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Do 'Extravagant Extras' Sell Albums?

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There's an interesting article over at The Atlantic, questioning if "extravagant extras" help sell more albums:

It looks at a number of artists who are offering up snazzy packaging, from Bjork's new "album as an app" concept, to Trent Reznor's famous super deluxe limited edition to Lady Gaga's recent offerings and more.

There seems to be mixed feelings over whether or not these are good things.  One point of view is that these are souvenirs -- collector items that true fans want.  The other point of view is that they're just PR gimmicks to get people to pay for extraneous things they might not really want.

I definitely think these things can work in some cases, but might not be appropriate for everyone.  How can artists determine what might be a worthwhile extra, and what's just gimmicky?
initiated Oct 13, 2011 in Business Models by Mike Masnick (22,930 points)   59 99 160

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They are tokens or excuses. They are so the fan can justify to themselves that they are spending more money to support a project. The ultimate example of this is the signature. I have a signed copy of "Sita Sings the Blues". I'm quite happy about that, but in fact, it's really the fact that it's a token of the $100 I spent on the project, and it's personalized (but the real value I got was knowing that I contributed).

Frankly, though, I'm also kind of a fan of fancy packaging for albums, nicely-bound editions of books, etc. If I'm a collector, I might as well collect the nice version of a thing. Also, I prefer stuff that is durable. If I'm paying a premium price for something in pre-sale, I'm doing that because I'm a serious fan of the work, and so I'm probably going to want to view/listen/read it a lot (and for a long time).

Digital downloads and cheap editions are for stuff I will watch once or twice and then move on to something else. In the free-culture world, I would just download those for free and not pay for them (presumably somebody who cares more about them will pay for them so that I don't have to -- meanwhile that's more money for me to spend on my favorite artists).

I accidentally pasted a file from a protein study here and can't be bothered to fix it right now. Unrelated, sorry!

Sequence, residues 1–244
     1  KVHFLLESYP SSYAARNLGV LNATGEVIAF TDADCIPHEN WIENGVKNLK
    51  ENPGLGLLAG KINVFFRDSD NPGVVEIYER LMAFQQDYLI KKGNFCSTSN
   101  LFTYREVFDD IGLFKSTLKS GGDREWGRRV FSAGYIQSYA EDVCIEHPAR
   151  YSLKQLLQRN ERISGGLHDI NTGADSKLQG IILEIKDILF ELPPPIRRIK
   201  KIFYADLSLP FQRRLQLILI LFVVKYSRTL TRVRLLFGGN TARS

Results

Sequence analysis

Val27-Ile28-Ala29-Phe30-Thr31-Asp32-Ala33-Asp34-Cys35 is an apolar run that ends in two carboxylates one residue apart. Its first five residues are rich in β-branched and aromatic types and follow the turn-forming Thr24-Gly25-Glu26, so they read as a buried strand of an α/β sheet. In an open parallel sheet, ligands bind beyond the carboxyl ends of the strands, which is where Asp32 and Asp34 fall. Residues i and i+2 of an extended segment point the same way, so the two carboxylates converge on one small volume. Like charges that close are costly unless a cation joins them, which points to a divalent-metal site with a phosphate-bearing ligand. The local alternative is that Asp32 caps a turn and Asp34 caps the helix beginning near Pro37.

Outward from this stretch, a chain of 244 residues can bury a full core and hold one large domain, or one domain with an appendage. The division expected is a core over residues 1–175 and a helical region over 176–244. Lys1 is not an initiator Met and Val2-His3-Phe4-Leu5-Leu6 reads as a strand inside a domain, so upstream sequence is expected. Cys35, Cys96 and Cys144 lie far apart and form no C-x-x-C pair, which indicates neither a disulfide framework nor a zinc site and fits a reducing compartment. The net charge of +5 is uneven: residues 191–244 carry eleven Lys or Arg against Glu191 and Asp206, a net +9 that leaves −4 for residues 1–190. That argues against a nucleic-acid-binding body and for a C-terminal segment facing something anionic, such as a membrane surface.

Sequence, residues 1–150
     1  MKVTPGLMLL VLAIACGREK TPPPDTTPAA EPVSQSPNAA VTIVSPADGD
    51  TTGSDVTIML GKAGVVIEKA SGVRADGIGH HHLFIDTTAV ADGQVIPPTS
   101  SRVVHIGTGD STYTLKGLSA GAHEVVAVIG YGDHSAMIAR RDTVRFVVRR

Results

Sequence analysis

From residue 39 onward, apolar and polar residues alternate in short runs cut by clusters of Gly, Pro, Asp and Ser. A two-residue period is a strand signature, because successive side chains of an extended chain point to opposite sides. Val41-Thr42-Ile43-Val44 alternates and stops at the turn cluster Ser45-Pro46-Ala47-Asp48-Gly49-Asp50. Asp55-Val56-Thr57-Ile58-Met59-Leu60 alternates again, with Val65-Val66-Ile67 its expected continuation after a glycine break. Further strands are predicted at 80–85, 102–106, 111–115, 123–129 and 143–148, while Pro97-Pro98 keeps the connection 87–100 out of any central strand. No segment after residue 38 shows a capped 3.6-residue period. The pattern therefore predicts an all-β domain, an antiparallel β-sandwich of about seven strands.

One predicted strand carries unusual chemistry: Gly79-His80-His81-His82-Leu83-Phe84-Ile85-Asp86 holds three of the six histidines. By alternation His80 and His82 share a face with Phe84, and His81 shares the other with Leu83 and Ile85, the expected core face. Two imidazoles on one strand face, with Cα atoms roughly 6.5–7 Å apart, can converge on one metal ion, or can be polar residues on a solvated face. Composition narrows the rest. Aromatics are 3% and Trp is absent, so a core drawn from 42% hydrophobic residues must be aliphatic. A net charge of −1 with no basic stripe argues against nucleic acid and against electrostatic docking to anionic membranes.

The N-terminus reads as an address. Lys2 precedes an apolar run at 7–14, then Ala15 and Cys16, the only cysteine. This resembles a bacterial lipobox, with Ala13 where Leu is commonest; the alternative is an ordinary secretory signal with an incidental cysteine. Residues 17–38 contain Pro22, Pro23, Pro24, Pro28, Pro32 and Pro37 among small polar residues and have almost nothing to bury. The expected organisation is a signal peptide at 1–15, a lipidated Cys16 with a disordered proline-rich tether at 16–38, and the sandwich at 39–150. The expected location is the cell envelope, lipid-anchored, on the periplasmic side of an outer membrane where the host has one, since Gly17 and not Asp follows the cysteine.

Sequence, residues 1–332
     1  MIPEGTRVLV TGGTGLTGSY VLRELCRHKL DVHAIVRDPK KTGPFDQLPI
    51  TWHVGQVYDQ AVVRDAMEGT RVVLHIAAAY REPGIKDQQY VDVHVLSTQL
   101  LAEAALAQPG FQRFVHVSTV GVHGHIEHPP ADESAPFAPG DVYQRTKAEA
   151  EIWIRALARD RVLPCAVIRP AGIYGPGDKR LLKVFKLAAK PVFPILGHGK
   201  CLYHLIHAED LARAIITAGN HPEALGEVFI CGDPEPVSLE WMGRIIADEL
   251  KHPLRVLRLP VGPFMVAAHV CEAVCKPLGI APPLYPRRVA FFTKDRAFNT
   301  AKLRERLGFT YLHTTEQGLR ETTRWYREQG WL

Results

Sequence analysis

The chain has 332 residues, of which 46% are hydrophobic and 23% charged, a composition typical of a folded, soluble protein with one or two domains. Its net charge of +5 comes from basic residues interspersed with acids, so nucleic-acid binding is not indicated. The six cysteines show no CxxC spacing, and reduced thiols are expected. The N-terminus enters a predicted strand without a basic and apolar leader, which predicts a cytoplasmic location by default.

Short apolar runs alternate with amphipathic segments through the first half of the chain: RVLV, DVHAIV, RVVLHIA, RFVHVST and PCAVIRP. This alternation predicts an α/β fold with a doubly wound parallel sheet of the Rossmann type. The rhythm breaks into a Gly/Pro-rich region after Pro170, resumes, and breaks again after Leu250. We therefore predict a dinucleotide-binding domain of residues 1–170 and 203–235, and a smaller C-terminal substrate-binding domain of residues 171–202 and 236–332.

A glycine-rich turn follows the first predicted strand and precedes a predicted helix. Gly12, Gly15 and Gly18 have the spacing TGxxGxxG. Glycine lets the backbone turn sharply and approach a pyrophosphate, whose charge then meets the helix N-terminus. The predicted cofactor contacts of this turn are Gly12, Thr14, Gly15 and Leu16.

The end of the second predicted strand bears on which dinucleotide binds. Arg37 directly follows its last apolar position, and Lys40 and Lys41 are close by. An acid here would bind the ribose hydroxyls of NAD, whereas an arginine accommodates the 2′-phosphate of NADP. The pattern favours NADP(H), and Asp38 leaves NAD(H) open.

response added Oct 14, 2011 by Terry Hancock (1,000 points)   3 4 10
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I'm actually not a fan of the album release format as a standard.  Tradition has lead to complacency and thus we are left with an outdated release model.  There are albums which make sense because the songs are related or tell a story (Pink Floyd's The Wall, Adele's 21,etc..)

(stepping off soapbox)

I am not sure that I would purchase an album specifically for the extras unless I valued the extras more than the album itself.  Added value is one thing but just throwing a bunch of stuff into a package deal isn't compelling unless I see value in the purchase as a whole.  Perceived value is personal and will vary with each individual - thing's that I want may not satisfy someone else.

I would like to suggest that you use a system similar to Amazon's suggested add-on's.  Give your fans options for example:

Album only ($10)

Album + a sticker ($12)

Album + autographed liner notes ($15)

Album + autographed poster ($20)

Album + Tshirt ($25)

Album + sticker, autographed liner notes/poster, Tshirt ($40 - Save $2)

With this example you are giving them options, and a compelling reason to purchase the largest combination package.  What you are avoiding is forcing your customers to make an either or decision (do I pay $40 for an album with a bunch of stuff or do without).



response added Oct 14, 2011 by Douglas Vaughn (650 points)   1 1 4
edited Oct 14, 2011 by Douglas Vaughn
@justyouraveragejoe I think this hit the nail on the head: "I am not sure that I would purchase an album specifically for the extras unless I valued the extras more than the album itself."

I'm not sure about "more than the album itself," but the extras should actually have value in and of themselves. Most of the extras actually do, of course - artists generally don't want to rip off their fans.

They should also be connected with the art in some way. A T-shirt with custom art would be good, but something like, say, a key chain or coffee mug, probably wouldn't. That's what distinguishes actual added value, from those cheap, gimmicky "promotional" items that everyone gives away.
@justyouraveragejoe I think Jonathan Coulton had this kind of album release structure when he released Artificial Heart:

Downloads only: $10
Downloads CD: $15
Downloads CD T-Shirt: $25
Downloads CD 3xT-shirts Vinyl: $100

I could probably have some of the details wrong, but that was basically his business model for selling the album.

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